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The Gunas, Attributes of Life

The Gunas, Attributes of Life



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Published by: Moonlightshadow on May 02, 2008
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The Gunas, Attributes of Life
Contributed by Yoga Baba Prem
By Yogi Baba Prem Tom BealVeda Visharada CYI, C.ay, C.vahttp://www.floridavedicinstitute.com/ The Sanskrit word "guna" means attribute. These "attributes" serve as a powerful indicator and formulator of the physicalprinciples of the earth. The concept of guna, is one of the more important teachings from India. These attributes providepowerful insight into our spiritual growth, worldly manifestations, and the formation of matter from the subatomic level intomore dense levels of matters manifestation. But most importantly they provide a powerful tool to accelerate personal andplanetary transformation.Within the yoga tradition, the focus is on three primary gunas:1) Sattva2) Rajas3) TamasSattva is balance, harmony, peace and similar qualities. Rajas is activity and movement. It is dynamic. Tamas is inertia,non-moving, and sometimes lethargy. Of these three gunas yoga embraces the cultivation of sattva. Though it realizesthat one may embrace other gunas at times. As an example, if a person were stuck in a rut (tamas) they would need toembrace some form of activity (rajas) to move from their position of immobility. Our society is largely a tamasic-rajasic society. We are "on the move", active, dynamic, and changing, but at the sametime moving very slowly spirituality, and consumed by decay oriented activities. While this is not initially a problem as lifeis a journey, it is leading to a variety of disorders due to over work, and various strains on our nervous system. Even ouryoga systems are often more Rajasic than Sattvic. These are the more dynamic yogas common in western society.These are systems such as the power yoga systems, some kundalini systems, and various aerobic type yogas. Thoughthey clearly serve their purpose. They importantly and primarily serve two types of people:1) Lethargic or tamsic people that require the intense activity to help them break free from their daily patterns.2) Rajasic people that are stimulated, active, and don't know how to slow down. This can eventually become unbalancingto this group of people unless it is tempered with relaxing meditation. 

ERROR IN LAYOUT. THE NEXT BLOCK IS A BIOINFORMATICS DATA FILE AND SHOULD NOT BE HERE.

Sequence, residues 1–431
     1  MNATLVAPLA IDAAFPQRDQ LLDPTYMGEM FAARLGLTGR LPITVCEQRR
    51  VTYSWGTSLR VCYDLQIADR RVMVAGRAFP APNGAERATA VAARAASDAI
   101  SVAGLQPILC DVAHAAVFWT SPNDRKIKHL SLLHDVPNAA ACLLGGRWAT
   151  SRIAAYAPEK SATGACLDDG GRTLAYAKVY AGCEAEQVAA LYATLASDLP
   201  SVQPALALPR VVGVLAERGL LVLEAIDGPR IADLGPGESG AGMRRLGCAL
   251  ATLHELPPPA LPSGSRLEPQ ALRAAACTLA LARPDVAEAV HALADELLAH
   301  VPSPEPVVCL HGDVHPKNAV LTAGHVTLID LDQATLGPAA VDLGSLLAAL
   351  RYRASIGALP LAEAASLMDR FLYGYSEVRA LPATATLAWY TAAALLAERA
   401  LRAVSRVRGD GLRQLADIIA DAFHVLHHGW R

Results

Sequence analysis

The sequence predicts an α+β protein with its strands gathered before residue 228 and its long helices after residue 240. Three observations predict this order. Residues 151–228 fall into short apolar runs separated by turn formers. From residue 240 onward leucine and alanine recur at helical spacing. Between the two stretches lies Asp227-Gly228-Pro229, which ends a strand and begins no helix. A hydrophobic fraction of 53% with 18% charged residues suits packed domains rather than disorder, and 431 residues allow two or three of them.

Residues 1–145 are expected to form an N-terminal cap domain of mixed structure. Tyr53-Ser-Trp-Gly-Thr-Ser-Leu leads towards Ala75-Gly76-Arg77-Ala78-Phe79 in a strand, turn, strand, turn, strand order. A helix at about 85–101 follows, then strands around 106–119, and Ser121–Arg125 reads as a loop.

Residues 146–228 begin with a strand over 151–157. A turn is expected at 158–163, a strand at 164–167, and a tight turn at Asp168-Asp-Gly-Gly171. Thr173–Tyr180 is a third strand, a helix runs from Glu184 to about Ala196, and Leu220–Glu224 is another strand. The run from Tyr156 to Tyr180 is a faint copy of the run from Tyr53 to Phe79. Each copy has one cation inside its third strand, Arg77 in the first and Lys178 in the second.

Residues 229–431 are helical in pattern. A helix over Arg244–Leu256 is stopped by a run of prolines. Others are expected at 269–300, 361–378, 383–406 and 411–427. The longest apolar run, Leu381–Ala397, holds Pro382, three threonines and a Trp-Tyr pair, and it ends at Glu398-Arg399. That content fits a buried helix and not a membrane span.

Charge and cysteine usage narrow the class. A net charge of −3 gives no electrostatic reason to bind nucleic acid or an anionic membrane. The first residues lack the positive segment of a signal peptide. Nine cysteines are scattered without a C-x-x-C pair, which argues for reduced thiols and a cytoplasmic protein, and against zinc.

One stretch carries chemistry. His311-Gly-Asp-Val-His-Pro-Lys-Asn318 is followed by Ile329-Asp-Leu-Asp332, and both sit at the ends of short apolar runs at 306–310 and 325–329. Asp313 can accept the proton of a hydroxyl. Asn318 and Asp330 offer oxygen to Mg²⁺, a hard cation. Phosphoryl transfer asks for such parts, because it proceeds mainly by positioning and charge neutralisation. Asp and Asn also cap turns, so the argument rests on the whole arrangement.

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While this rajasic yoga is initially important for these two groups of people, it is often overlooked that they must eventuallyembrace a more sattvic approach to their yoga practice.In the yoga and ayurvedic tradition, everything is made up of complex interaction between the three gunas. This leads toseveral basic guna types:1. Sattvic2. Rajasic3. Tamasic4. Sattva/Rajasic5. Rajasic/Tamasic6. Tamas/Rajasic7. Rajasic/SattvicNumbers 4-7 indicates complex interactions between the gunas involved. As an example, someone might be very activeand dynamic, but they may begin to experience more balance within their life. The ratios between rajas and sattva wouldchange over time as they grew as a person.These gunas and complex interactions between gunas would be applied to all manifestations in life. In an oversimplification, a whitewater river would be rajasic, but the erosion would be tamasic or decaying for the banks of the river.In other parts of the river it would be balancing by building up sand bars. The foods we eat are considered balancing(sattvic), stimulating (Rajasic), or decaying (tamasic) to the body and mind. The entire science of Ayurveda is builtaround this basic concept. To explore these concepts more, it is highly recommended to read "Ayurveda and the Mind"by Dr. David Frawley. Serious practitioners of spirituality should develop a solid and expansive understanding of the gunas and their applicationto all facets of life. They should consciously apply this science to all actions and interactions in their daily life. This willreinforce the appropriate gunas within one's spiritual life; and in reality this is what each of does through habit whetherwe are conscious of it or not. The root to Guna is "Grah" which means to 'seize", additionally it means a thread or strand. It seems that on a moremystical level the Nirguna is the absence of this thread or impersonal deity and Saguna is the presence of the thread,which is the personal deity. And of course the thread is the same material as the non-thread from a non-dualisticstandpoint, as the material (thread) in a static state becomes dynamic and leads to the creation of the thread. It seemsthat this thread concept permeates Hinduism from yoga through Nyaya philosophy and numerous other writings. It is thethread that links the lower mind with the infinite essence.
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Other views toward Gunas.Within the Nyaya system, a system of logic in India, they teach that all created things contain a property-called a guna.Instead of just three they associate twenty-four attributes (gunas) with creation. These twenty-four are in reality complexcombinations of the three traditional gunas. These are:- 1) Shape or color (Rupa)- 2) Taste (Rasa)- 3) Odor (Gandha)- 4) Tangibility (Sparsha)- 5) Number (Samkhya)- 6) Dimension (Parimana)- 7) Severalty (Prithaktva)- 8) Conjunction (Samyoga)- 9) Disjunction (Vibhaga)- 10) Remoteness (Paratva)- 11) Proximity (Aparaiva)- 12) Weight (Gurutva)- 13) Fludity (Dravatva)- 14) Viscidity (Sneha)- 15) Sound (Shabda)- 16) Knowledge (Buddhi)- 17) Pleasure (Sukha)- 18) Pain (Dukha)- 19) Desire (Iccha)- 20) Aversion (Dvesha)- 21) Effort (Prayatna)- 22) Merit (Dharma)- 23) The self (Samskara)
American Institute of Vedic Studieshttp://www.vedanet.comPowered by Joomla!Generated: 2 May, 2008, 02:34

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